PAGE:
Thomas Whitmell, legislator and Indian agent, the son of Thomas and Elizabeth Whitmell, was born in Virginia shortly before the family moved to North Carolina. His grandfather, Thomas Whitmell, the first of the family in Virginia, settled in Charles City County prior to 1690. According to extant Bible records for the family of Thomas and Elizabeth Whitmell, Thomas was the oldest child and only surviving son. Five daughters, however, reached maturity.
The public career of Thomas Whitmell began on 14 Oct. 1736, when, although he was only twenty-three, the North Carolina Assembly appointed him, Robert West, John Gray, and one Spiers general commissioners for Indian affairs. On 18 Sept. 1737 the Council of the colony allowed Whitmell and Gray £77 for running the dividing line between Crown lands and those of Lord Granville. Granville was the only Carolina Proprietor who refused to sell to the Crown, and the northern section of the colony had been laid out as his district. A justice of Bertie County in 1739, Whitmell was sheriff for many years. In 1749 he was a vestryman for Society Parish, and in 1750 he was mentioned in county records as a merchant. He also represented the county in the Assembly during the period 1754–60 and while so serving was delegated to deal with Indian affairs. Late in 1757 some Indians appeared in New Bern to visit Governor Arthur Dobbs, producing a scalp to demonstrate that they had been in action against the "Swanees." Whitmell was allowed £10 from the public treasury to be laid out in presents for the Indian allies.
Whitmell had a special relationship with the remnants of the Tuscarora tribe who were then living on a reservation in Bertie at a place still called Indian Woods. In 1752 Moravian Bishop A. G. Spangenberg visited North Carolina to look for land for his followers who planned to move to the colony from Bethlehem, Pa. On 12 September of that year he wrote that Whitmell had taken him to the Indian settlement, noting that Whitmell had been a trader among the Indians and spoke their language fluently. He commented further that Whitmell was one of the wealthiest men in Bertie County and enjoyed an excellent reputation among all classes.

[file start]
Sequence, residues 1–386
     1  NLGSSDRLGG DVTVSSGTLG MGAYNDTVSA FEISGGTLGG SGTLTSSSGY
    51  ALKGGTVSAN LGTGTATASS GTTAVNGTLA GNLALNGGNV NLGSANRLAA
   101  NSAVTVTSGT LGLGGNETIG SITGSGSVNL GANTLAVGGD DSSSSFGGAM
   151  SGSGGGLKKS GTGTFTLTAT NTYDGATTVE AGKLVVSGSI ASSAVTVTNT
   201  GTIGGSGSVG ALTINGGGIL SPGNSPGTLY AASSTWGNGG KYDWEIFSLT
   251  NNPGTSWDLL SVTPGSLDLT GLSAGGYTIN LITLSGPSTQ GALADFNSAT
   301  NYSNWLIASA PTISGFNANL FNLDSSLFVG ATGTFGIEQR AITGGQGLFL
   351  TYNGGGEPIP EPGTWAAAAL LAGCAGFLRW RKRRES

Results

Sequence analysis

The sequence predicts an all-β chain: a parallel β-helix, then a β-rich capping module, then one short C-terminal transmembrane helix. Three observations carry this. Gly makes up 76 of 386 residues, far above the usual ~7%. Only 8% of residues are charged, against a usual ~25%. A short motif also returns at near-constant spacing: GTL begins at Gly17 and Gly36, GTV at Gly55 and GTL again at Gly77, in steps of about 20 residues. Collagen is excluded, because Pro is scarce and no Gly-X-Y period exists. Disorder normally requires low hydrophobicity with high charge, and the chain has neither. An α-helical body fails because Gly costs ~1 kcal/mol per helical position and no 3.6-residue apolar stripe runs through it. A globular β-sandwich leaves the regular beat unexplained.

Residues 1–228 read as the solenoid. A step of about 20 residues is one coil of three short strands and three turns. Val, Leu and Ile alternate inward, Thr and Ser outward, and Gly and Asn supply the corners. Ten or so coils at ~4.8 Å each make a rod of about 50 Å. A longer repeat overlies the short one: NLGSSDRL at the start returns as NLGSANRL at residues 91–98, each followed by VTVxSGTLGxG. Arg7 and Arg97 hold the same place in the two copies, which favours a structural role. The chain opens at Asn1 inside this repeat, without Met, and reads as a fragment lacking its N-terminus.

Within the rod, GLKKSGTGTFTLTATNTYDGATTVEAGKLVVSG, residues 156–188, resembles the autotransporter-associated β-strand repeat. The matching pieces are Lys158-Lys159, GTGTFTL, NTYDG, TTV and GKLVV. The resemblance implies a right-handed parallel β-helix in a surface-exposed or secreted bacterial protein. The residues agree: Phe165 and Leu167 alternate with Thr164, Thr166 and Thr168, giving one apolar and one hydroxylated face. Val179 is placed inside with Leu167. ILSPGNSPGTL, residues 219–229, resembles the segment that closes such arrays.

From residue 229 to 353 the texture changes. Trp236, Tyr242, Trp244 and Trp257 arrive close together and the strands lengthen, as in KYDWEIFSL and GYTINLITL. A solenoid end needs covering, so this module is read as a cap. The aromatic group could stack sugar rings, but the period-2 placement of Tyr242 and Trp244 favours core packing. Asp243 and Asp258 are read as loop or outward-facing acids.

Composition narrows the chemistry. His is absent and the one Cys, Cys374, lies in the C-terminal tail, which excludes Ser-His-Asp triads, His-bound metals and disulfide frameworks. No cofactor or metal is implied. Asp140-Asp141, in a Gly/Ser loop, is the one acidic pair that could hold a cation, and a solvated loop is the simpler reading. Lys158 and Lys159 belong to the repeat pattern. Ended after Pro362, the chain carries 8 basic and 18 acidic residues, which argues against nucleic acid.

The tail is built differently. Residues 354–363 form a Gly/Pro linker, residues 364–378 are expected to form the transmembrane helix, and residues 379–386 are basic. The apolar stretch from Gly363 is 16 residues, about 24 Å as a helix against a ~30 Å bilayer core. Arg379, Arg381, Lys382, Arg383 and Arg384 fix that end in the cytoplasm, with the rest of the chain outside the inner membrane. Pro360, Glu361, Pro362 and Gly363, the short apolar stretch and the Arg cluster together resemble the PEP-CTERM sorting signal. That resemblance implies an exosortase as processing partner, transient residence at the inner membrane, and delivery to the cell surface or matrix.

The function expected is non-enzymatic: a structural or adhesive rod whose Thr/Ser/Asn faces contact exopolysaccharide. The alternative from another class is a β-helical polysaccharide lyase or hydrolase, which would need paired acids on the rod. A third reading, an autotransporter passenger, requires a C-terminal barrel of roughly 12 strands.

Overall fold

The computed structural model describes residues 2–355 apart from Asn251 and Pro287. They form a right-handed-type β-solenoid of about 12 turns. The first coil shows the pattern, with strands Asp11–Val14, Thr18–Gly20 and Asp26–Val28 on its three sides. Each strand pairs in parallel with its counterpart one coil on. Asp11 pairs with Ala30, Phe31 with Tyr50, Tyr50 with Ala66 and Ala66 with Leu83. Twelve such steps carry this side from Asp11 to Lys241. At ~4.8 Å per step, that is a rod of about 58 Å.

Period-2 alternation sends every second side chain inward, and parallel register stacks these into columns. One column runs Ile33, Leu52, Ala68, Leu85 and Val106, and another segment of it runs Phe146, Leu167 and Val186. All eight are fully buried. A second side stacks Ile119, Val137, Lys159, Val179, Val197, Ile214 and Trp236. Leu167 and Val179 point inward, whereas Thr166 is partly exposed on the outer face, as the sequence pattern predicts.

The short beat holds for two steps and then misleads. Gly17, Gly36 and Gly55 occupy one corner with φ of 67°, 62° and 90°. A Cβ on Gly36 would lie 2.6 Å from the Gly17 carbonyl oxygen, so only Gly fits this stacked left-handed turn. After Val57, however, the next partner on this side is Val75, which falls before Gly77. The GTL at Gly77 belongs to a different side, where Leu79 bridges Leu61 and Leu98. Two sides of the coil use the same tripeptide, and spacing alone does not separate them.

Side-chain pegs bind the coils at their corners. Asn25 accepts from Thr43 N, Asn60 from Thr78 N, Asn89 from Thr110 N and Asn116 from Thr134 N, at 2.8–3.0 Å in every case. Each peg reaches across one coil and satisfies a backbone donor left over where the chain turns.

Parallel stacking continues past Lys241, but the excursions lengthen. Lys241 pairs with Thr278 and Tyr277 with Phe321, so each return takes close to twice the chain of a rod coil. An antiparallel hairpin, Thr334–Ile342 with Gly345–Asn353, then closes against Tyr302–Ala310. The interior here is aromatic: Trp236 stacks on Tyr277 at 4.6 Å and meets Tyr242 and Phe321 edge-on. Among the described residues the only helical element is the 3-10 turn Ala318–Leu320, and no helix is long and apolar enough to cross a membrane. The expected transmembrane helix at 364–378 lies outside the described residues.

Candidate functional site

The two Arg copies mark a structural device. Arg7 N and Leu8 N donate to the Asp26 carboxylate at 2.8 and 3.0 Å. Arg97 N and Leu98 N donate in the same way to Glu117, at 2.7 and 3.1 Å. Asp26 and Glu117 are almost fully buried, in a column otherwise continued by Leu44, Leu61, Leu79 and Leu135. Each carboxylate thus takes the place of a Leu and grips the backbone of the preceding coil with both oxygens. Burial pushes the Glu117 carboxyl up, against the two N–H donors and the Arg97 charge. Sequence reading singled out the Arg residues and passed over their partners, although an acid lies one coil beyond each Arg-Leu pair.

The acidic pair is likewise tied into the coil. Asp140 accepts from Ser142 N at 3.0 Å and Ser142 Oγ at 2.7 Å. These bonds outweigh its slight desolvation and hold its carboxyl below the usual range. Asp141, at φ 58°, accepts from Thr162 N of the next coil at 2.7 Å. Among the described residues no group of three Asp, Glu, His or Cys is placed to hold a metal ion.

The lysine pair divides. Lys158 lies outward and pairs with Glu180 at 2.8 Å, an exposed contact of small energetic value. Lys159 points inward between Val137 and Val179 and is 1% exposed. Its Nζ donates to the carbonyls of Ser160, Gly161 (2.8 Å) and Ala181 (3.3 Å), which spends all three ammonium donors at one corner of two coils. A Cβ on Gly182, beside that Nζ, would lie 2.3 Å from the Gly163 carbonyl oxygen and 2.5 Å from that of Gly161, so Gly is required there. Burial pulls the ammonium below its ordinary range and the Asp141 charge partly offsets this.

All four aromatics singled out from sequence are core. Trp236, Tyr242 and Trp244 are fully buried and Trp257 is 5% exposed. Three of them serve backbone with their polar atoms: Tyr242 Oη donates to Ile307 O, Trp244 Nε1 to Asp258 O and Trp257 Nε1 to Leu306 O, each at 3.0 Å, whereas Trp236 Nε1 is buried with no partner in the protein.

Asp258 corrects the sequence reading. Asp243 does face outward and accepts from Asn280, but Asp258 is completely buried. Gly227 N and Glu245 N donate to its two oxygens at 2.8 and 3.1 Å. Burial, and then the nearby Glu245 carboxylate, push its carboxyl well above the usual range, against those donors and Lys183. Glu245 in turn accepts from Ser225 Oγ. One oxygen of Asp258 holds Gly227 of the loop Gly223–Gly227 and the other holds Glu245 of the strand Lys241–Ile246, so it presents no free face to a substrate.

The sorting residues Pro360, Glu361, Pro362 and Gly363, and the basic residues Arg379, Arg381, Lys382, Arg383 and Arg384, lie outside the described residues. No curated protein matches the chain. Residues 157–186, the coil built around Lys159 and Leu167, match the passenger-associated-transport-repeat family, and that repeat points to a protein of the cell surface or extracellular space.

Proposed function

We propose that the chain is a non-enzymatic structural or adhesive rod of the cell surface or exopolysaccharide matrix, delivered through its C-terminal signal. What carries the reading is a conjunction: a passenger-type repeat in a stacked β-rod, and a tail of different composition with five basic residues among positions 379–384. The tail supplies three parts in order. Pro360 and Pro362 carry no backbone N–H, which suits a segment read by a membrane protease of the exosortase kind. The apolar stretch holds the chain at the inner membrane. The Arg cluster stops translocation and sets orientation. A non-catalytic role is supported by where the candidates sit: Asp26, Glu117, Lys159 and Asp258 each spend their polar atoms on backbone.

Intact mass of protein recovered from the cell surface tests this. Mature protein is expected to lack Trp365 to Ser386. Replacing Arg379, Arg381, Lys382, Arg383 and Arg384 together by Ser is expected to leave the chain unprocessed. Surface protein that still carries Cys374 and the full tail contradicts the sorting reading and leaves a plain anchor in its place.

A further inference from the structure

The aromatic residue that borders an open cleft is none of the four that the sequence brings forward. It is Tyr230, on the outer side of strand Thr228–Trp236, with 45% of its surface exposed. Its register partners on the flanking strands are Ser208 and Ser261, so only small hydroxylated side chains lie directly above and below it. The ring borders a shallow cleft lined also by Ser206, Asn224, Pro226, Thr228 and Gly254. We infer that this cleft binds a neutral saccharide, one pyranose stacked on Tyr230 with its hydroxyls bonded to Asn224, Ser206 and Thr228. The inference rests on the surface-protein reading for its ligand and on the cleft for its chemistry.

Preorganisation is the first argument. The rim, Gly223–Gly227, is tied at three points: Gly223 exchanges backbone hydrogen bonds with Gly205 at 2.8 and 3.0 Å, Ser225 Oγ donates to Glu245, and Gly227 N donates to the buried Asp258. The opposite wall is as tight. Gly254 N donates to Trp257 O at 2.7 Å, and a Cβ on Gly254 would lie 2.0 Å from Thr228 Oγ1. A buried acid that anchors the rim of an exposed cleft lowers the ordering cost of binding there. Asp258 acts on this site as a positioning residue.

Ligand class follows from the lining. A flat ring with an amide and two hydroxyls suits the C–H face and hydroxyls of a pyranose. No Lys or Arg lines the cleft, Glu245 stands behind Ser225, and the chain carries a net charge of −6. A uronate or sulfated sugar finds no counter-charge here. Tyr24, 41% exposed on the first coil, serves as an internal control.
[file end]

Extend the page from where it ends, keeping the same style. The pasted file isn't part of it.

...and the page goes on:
At the beginning of 1755, when the Tuscarora in the county had one hundred fighting men, the colony called on them for help in the French and Indian War then in progress. In May 1757 Whitmell was awarded £40 for the relief of the wives and children of the warriors from the Tuscarora and Meherrin tribes who had gone to the assistance of Virginia. In 1771 Governor William Tryon issued him a warrant to raise militia for use against the insurgents in the War of the Regulation. This proved to be Whitmell's last public service of record.
Thomas Whitmell married Elizabeth West, the daughter of Robert and Martha Blount West. His will, written in Bertie County on 15 Dec. 1779, was filed first (but not probated) in Martin County. He lived many years after making his will, but it probably was filed in Martin County because he left 250 acres there to a son who was out of the country at the time. The will, on file at the State Archives in Raleigh, mentions other children, grandchildren, and relatives. Three grandsons who had moved to Alabama were dead without heirs by 1827, thus ending the surname. Nevertheless, Whitmell as a given name has continued to be used among descendants into the late twentieth century.
John B. Boddie, Southside Virginia Families, vol. 1 (1955).
John L. Cheney, Jr., ed., North Carolina Government, 1585–1979 (1981).
North Carolina Genealogical Society Journal 6 (1980).
Benjamin B. Weigiger III, ed., Charles City County, Virginia, Court Orders, 1687–1695 (1980).
1 January 1996 | Smith, Claiborne T., Jr.